mon 06/04/2020

Dolittle review - a star is bored | reviews, news & interviews

Dolittle review - a star is bored

Dolittle review - a star is bored

You'd get more sense from the animals than this monkey-typed script

Are you talkin' to me?: Robert Downey Jr. tries to make sense of his career as Dolittle

“I knew I shouldn’t have let monkeys read the contract,” Dolittle (Robert Downey Jr.) mutters. The star should have read the script of his first post-Marvel vehicle more closely, too, before taking on the role which previously sank Rex Harrison’s career.

“I knew I shouldn’t have let monkeys read the contract,” Dolittle (Robert Downey Jr.) mutters. The star should have read the script of his first post-Marvel vehicle more closely, too, before taking on the role which previously sank Rex Harrison’s career.

The animal-fluent doc is living in secluded mourning amidst a wise-cracking menagerie when he’s ordered to save Queen Victoria from a rare disease, via a protracted voyage to Antonio Banderas’s Arabian Nights kingdom (Banderas is pictured below). Jim Broadbent’s courtier is having the young queen poisoned for reasons which will somehow lead to him ascending the throne. Such nonsensical plotting typifies a film cut adrift from consistency, and too impatient or plain ignorant to bother building a world where Dolittle can talk to the animals.

Unsure which English century he’s operating in, director Stephen Gaghan (previously responsible for Syriana, incredibly) knocks up a more impressive Buck House for the Doc to run riot through, gorilla and giraffe in tow, and conjures a fairy tale West Country, where animal-loving poacher’s son Tommy (Harry Collett) stumbles on Dolittle’s walled home and joins his crew.

Antonio Banderas as King Rassouli in DolittleThe squirrel Tommy accidentally shot (voiced by Craig Robinson), and his Apocalypse Now­-like fear and loathing as he sails with his presumed assassin, is a lone note of wit in a script preferring crass humour to honest emotion, and a jumble of mostly Anglo-American animal accents further dislocating its thin reality.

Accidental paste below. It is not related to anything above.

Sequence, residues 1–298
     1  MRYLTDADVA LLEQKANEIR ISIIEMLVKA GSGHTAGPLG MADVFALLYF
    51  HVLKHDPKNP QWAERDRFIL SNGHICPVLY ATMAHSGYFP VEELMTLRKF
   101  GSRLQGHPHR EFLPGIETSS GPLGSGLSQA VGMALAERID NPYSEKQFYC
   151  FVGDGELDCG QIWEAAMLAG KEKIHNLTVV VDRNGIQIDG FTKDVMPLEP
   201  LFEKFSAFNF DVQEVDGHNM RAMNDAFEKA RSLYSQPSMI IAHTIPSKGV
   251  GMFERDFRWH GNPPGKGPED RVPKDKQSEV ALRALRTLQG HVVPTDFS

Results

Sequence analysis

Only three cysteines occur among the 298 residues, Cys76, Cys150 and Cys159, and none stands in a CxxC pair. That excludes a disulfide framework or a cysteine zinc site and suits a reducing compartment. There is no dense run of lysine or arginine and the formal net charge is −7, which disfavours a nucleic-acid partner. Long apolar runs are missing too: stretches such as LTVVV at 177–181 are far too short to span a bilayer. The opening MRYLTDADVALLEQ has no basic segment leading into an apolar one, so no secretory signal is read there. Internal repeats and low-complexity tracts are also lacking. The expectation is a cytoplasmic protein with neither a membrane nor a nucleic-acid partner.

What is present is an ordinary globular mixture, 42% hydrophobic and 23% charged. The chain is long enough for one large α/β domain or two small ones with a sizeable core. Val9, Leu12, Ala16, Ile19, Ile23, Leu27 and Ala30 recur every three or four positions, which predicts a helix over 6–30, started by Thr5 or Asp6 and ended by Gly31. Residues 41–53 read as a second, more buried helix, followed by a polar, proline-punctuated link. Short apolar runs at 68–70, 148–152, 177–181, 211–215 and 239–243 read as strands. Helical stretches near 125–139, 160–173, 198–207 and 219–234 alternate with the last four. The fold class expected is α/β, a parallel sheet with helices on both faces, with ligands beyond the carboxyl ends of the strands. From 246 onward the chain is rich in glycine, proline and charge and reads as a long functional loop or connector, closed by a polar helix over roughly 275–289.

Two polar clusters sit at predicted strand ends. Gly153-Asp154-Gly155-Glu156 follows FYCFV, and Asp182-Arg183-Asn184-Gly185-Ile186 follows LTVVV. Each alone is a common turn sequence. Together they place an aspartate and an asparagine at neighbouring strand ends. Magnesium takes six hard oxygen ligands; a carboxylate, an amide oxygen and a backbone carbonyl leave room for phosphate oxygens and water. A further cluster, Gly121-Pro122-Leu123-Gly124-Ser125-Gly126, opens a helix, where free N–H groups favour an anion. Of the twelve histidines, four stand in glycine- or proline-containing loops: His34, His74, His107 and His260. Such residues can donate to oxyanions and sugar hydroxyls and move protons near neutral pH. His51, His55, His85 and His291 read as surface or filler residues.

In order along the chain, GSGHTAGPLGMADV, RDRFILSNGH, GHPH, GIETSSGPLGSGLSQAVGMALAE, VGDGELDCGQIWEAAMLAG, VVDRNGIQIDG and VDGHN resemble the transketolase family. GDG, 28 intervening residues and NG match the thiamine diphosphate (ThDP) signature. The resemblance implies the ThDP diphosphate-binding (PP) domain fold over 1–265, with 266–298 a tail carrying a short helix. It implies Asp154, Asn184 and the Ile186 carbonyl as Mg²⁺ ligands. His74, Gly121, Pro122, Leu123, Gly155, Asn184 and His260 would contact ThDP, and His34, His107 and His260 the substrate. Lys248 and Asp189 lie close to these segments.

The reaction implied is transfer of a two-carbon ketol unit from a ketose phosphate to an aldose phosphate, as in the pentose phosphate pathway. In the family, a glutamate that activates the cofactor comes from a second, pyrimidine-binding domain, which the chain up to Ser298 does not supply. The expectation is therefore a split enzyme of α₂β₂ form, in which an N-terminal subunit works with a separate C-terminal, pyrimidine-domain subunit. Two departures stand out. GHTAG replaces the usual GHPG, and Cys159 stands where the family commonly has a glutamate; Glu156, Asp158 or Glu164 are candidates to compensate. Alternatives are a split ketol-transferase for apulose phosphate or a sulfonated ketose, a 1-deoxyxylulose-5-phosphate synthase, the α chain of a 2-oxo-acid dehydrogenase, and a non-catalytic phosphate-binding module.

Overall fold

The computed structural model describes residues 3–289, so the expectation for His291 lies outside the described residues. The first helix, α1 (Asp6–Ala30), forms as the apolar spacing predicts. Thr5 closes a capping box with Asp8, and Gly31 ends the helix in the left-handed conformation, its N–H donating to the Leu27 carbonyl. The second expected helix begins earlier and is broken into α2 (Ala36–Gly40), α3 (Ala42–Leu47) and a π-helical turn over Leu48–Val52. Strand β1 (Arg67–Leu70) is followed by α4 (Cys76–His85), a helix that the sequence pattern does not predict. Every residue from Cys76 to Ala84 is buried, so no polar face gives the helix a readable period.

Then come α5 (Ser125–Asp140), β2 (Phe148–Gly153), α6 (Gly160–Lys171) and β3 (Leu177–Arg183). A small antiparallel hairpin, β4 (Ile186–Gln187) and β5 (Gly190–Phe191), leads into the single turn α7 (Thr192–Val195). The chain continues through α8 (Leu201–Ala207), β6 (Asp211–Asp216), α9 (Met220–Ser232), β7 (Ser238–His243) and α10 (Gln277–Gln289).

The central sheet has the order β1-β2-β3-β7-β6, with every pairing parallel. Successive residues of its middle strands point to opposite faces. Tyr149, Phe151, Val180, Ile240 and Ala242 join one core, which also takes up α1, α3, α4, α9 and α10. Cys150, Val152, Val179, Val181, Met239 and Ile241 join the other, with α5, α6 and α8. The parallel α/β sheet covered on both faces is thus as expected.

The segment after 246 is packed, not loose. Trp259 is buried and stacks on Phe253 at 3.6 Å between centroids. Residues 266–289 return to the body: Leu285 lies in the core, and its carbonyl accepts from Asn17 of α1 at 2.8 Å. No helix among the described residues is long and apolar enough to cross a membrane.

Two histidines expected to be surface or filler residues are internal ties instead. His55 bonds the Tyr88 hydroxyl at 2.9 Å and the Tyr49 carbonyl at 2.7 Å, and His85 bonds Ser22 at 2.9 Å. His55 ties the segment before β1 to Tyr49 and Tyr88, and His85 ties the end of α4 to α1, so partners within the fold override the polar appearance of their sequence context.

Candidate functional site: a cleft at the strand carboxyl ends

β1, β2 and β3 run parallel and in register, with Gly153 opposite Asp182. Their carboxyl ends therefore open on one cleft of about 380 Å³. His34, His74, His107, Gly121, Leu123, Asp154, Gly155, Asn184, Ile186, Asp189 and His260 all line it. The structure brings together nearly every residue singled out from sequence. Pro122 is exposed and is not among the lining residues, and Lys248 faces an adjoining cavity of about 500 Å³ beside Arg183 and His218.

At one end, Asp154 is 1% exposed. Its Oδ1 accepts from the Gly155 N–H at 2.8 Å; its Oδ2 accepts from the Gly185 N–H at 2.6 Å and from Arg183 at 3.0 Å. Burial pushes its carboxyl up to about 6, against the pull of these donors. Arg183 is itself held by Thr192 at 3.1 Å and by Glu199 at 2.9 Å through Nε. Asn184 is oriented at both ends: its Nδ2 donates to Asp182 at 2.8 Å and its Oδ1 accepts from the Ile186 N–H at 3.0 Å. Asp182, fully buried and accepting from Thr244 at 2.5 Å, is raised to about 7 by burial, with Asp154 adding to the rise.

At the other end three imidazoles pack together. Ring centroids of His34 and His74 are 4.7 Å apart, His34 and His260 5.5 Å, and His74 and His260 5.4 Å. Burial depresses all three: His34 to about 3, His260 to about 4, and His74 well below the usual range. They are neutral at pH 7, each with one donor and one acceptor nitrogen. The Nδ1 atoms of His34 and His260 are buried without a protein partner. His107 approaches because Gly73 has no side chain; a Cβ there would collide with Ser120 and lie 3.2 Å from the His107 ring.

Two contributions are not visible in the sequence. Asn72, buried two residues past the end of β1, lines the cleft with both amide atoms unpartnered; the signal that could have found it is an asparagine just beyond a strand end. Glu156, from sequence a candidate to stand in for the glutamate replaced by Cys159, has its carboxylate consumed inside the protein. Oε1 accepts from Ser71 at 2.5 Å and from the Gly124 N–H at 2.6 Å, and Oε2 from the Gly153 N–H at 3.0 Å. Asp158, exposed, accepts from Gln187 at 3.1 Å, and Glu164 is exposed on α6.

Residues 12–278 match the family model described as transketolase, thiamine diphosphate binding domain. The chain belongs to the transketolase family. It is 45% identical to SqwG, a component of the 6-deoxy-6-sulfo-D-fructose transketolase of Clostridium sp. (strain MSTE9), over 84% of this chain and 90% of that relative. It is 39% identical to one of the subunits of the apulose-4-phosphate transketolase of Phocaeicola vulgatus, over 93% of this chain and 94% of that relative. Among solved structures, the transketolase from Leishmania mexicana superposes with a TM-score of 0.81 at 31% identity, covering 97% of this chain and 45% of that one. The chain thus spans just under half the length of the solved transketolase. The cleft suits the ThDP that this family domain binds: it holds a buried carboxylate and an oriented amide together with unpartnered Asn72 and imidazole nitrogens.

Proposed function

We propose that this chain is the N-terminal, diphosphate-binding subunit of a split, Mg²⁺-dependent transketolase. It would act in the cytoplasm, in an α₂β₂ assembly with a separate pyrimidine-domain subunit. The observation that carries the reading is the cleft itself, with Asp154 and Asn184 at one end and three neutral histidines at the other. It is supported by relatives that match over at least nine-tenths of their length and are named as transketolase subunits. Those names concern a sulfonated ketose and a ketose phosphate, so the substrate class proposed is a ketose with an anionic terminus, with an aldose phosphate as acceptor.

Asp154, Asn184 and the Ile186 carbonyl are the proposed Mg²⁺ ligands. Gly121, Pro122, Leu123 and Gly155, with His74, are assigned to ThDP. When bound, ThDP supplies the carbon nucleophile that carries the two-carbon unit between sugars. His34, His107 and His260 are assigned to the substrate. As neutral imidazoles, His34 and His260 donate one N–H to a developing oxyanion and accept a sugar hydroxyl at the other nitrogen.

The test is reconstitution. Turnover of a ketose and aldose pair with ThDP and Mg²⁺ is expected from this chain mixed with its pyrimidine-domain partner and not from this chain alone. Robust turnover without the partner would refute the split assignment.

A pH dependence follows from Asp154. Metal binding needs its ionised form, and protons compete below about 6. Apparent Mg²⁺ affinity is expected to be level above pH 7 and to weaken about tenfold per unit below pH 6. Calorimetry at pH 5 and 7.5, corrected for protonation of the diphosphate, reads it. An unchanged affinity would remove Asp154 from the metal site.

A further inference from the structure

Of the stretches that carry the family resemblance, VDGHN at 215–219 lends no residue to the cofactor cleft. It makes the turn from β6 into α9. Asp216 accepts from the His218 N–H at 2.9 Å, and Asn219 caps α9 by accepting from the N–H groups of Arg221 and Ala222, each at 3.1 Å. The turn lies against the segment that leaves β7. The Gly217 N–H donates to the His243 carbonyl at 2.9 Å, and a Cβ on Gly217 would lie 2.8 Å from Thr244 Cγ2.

Passing through London on promo duties, Downey Jr. chose to emphasise that Hugo Lofting sent his first Dolittle stories to his children from the Western Front trenches, suggesting secret layers of nobly suppressed English trauma. His film’s animated prologue, too, in which Dolittle’s great love Lily is lost at sea on her own brave adventure, offers a melancholy reason for walling himself up in a vast nature reserve. All Downey Jr.’s acting actually provides is a Welsh accent, apparently based on brief acquaintance with Gavin and Stacey. Actual Welshman Michael Sheen, already gritting his teeth as the characterless, posh English surgeon poisoning the Queen, must have bitten clean through his tongue at his co-star’s faux-boyos.

Tommy (Harry Collett) in DolittleDowney Jr.’s redemption from a raddled past carried him through ten years as Tony Stark. Quickfire jitters, sardonic edge and ultimate decency defined his persona, the accumulated ghosts of his wild notoriety used to give the Marvel Cinematic Universe its Stark Industries tech-aided beating heart. In the process he became impossibly beloved and wealthy, to the extent that you wondered if he’d ever work again. And in Dolittle, he doesn’t. Whether he bailed from the responsibility of steering yet another box office behemoth early on, sniffing doom, or was left to his own devices by a cowed director with a patchy record, this isn’t really a performance. It’s just random twitches and an accent plucked from the air, documentary evidence of a bored man spending months of his life making a bad film in Britain. It’s not even Johnny Depp in Pirates of the Caribbean, the template for his Marvel casting. It’s double-Oscar nominee Downey Jr., switching off.

Actual Welshman Michael Sheen must have bitten clean through his tongue at his co-star’s faux-boyos

rating

Editor Rating: 
2
Average: 2 (1 vote)

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